Mental Health Facility Closure

Mental health facilities provide different services to a person at any age who are experiencing mental and emotional crisis. Some of these services include alcohol and substance abuse treatment, behavioral disorders treatment, rehabilitations and support groups. These facilities are very helpful to our society as mental health professionals work together to help and support those people in need to regain their good mental health and live normally.

There are several mental health facilities around the world, however, some of these facilities are planning to close or had closed already. Some reasons of the facilities closure are related to financial issues, non-compliance with the laws and regulations or quality of care complaints. There is one in York, the Bootham Park hospital (public adult mental health hospital) have decided to closed in October 2015 with only five days’ notice. Care Quality Commission (CQC) inspectors came unannounced and “found it was unfit for purpose and that patients were at significant risk of harm” (Slawson, 2015) and forced to close in 5 days. But, per Greenwood (2016), there is a speculation that the hospital will be sold to private developers. Another mental health facility, the Community Counseling Centers of Chicago which is known as “one of the largest providers of mental health services to poor North Siders; which cares for more than 10,000 patients, including children” (“Chicago”, 2015) was about to close in May 2015 due to financial difficulties. But because of the concern to 10,000 existing patients, C4 remained open with partnership agreement to CountyCare, Cook County Health & Hospitals System’s Medicaid health plan (Zumbach, 2015). Closure of any facilities whether it is small or big facilities matters to all the patients and their families as well as the employees and healthcare professionals.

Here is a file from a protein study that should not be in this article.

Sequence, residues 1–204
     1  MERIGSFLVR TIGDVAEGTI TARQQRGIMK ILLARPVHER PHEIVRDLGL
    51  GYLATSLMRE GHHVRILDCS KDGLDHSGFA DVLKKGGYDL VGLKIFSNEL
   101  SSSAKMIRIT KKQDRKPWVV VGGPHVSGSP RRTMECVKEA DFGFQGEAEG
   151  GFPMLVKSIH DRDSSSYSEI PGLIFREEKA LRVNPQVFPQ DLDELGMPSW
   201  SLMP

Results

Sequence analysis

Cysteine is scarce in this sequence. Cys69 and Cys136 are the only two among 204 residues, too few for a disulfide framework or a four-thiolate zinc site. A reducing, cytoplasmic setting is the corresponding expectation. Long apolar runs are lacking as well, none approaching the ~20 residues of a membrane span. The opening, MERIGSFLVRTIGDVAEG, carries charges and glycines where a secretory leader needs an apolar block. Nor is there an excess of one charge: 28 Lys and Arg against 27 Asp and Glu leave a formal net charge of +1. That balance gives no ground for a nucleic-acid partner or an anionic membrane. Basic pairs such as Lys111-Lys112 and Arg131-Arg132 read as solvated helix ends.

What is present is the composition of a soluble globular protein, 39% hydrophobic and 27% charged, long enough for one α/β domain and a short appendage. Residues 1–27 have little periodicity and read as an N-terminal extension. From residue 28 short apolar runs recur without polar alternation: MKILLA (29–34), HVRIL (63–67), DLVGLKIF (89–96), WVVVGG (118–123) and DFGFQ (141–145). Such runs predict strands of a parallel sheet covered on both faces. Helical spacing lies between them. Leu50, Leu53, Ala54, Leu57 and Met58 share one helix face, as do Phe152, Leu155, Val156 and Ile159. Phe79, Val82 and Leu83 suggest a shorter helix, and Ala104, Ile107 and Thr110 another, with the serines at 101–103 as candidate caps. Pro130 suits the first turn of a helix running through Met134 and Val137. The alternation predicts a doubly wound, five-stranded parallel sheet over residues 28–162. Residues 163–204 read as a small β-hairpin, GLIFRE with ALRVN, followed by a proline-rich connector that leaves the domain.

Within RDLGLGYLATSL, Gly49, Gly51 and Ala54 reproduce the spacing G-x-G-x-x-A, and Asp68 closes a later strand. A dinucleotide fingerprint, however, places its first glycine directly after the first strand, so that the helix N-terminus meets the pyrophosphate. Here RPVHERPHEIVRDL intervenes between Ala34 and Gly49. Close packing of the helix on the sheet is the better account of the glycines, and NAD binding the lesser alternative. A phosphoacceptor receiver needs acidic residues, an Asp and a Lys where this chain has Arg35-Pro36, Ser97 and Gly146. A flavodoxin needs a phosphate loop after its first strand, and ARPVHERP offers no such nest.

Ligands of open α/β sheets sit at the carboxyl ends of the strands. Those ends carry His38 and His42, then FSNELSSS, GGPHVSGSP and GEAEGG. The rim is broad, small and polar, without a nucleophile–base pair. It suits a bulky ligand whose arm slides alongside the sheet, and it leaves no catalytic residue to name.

Mental health facilities closure has big impact to everyone especially the patients who are seeking help for their recovery. Serious problems might be encountered and will greatly affect

their lives. The first option that patients will do if facility closes is to find a new facility where they would be accepted to receive the care that they need. And, looking for a new place means changing their healthcare provider. In this situation, any changes will be difficult for these kinds of patients with mental and behavioral disorders. Like what Fawcett (2014) mentioned in her article, “

Medical records can be transferred

in the blink of an eye but it takes much longer to open up to someone and feel comfortable talking about your symptoms, particularly if you have a stigmatized psychological disorder such as schizophrenia or bipolar disorder”. And, building rapport and developing a doctor-patient relationship could be difficult as well. Amy Watson, an associate professor at University of Chicago-Illinois’s Jane Adams College of Social Work who specializes in mental health policy, also stated that “it takes months before you’re in a position where you might know that person, trust that person and feel comfortable with really working on things with them” (Fawcett, 2014). It is difficult to build a trusting relationship to anyone especially for patients with severe mental disorders/illnesses. In this situation, physical and emotional challenges may be experienced and this will affect their decision whether they will be interested to look for another facility for their treatment or just do nothing.